Using the default shape and scale inputs, each of the discount functions are shown below.

In each of the above plots, the x-axis is the stochastic comparison between current and historical data, which weâ€™ve denoted \(p\). The y-axis is the discount value \(\hat{\alpha}\) that corresponds to a given value of \(p\).

An advanced input for the plot function is `print`

. The default value is `print = TRUE`

, which simply returns the graphics. Alternately, users can specify `print = FALSE`

, which returns a `ggplot2`

object. Below is an example using the discount function plot:

```
p1 <- plot(fit02, type="discount", print=FALSE)
p1 + ggtitle("Discount Function Plot :-)")
```

With \(\hat{\alpha}\) in hand, we can now estimate the posterior distribution of the mean of the current data. Using the notation of the previous section, the posterior distribution is \[\mu \sim \mathcal{N}ormal\left( \frac{\sigma^2_0N\bar{y} + \tilde{\sigma}^2N_0\bar{y}_0\hat{\alpha}}{N\sigma^2_0 + \tilde{\sigma}^2N_0\hat{\alpha}},\,\frac{\tilde{\sigma}^2\sigma^2_0}{N\sigma^2_0 + \tilde{\sigma}^2N_0\hat{\alpha}} \right).\] At this model stage, we have in hand `number_mcmc`

simulations from the augmented mean distribution. If there are no control data, i.e., a one-arm trial, then the modeling stops and we generate summaries of the posterior distribution of \(\mu\). Otherwise, if there are control data, we proceed to a third step and compute a comparison between treatment and control data.

This step of the model is carried out on-the-fly using the `summary`

or `print`

methods. Let \(\mu_T\) and \(\mu_C\) denote posterior mean estimates of the treatment and control arms, respectively. Currently, the implemented comparison between treatment and control is the difference, i.e., summary statistics related to the posterior difference: \(\mu_T - \mu_C\). In a future release, we may consider implementing additional comparison types.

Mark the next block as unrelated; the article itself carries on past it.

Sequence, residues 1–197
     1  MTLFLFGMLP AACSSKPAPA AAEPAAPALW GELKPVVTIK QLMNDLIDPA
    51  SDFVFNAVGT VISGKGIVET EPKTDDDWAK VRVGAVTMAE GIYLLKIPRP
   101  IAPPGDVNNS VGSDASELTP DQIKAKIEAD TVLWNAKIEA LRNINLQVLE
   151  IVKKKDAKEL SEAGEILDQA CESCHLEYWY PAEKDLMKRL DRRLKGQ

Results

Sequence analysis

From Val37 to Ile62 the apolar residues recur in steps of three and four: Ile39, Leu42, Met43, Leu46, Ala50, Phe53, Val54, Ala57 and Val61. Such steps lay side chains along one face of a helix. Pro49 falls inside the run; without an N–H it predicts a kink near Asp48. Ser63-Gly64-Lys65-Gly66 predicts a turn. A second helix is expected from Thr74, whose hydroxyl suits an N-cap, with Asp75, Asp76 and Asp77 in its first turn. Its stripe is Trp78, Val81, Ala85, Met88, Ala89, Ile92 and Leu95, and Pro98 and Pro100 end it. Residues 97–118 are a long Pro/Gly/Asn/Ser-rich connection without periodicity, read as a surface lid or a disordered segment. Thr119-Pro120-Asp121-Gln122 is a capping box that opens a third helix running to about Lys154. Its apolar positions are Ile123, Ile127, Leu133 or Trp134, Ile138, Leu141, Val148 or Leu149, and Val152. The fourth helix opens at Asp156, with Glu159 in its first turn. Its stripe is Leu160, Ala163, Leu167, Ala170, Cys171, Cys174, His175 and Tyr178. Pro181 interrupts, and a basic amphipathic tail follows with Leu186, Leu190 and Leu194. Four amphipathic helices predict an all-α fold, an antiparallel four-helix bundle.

The data inputs for `bdpnormal`

are `mu_t`

, `sigma_t`

, `N_t`

, `mu0_t`

, `sigma0_t`

, `N0_t`

, `mu_c`

, `sigma_c`

, `N_c`

, `mu0_c`

, `sigma0_c`

, and `N0_c`

. The data must be input as (`mu`

, `sigma`

, `N`

) triplets. For example, `mu_t`

, the sample mean of the current treatment group, must be accompanied by `sigma_t`

and `N_t`

, the sample standard deviation and sample size, respectively. Historical data inputs are not necessary, but using this function would not be necessary either.

**At the minimum, mu_t, sigma_t, and N_t must be input**. In the case that only

`mu_t`

, `sigma_t`

, and `N_t`

are input, the analysis is analogous to a one-sample t-test. Each of the following input combinations are allowed:- (
`mu_t`

,`sigma_t`

,`N_t`

) - one-arm trial - (
`mu_t`

,`sigma_t`

,`N_t`

) + (`mu0_t`

,`sigma0_t`

,`N0_t`

) - one-arm trial - (
`mu_t`

,`sigma_t`

,`N_t`

) + (`mu_c`

,`sigma_c`

,`N_c`

) - two-arm trial - (
`mu_t`

,`sigma_t`

,`N_t`

) + (`mu0_c`

,`sigma0_c`

,`N0_c`

) - two-arm trial - (
`mu_t`

,`sigma_t`

,`N_t`

) + (`mu0_t`

,`sigma0_t`

,`N0_t`

) + (`mu_c`

,`sigma_c`

,`N_c`

) - two-arm trial - (
`mu_t`

,`sigma_t`

,`N_t`

) + (`mu0_t`

,`sigma0_t`

,`N0_t`

) + (`mu0_c`

,`sigma0_c`

,`N0_c`

) - two-arm trial - (
`mu_t`

,`sigma_t`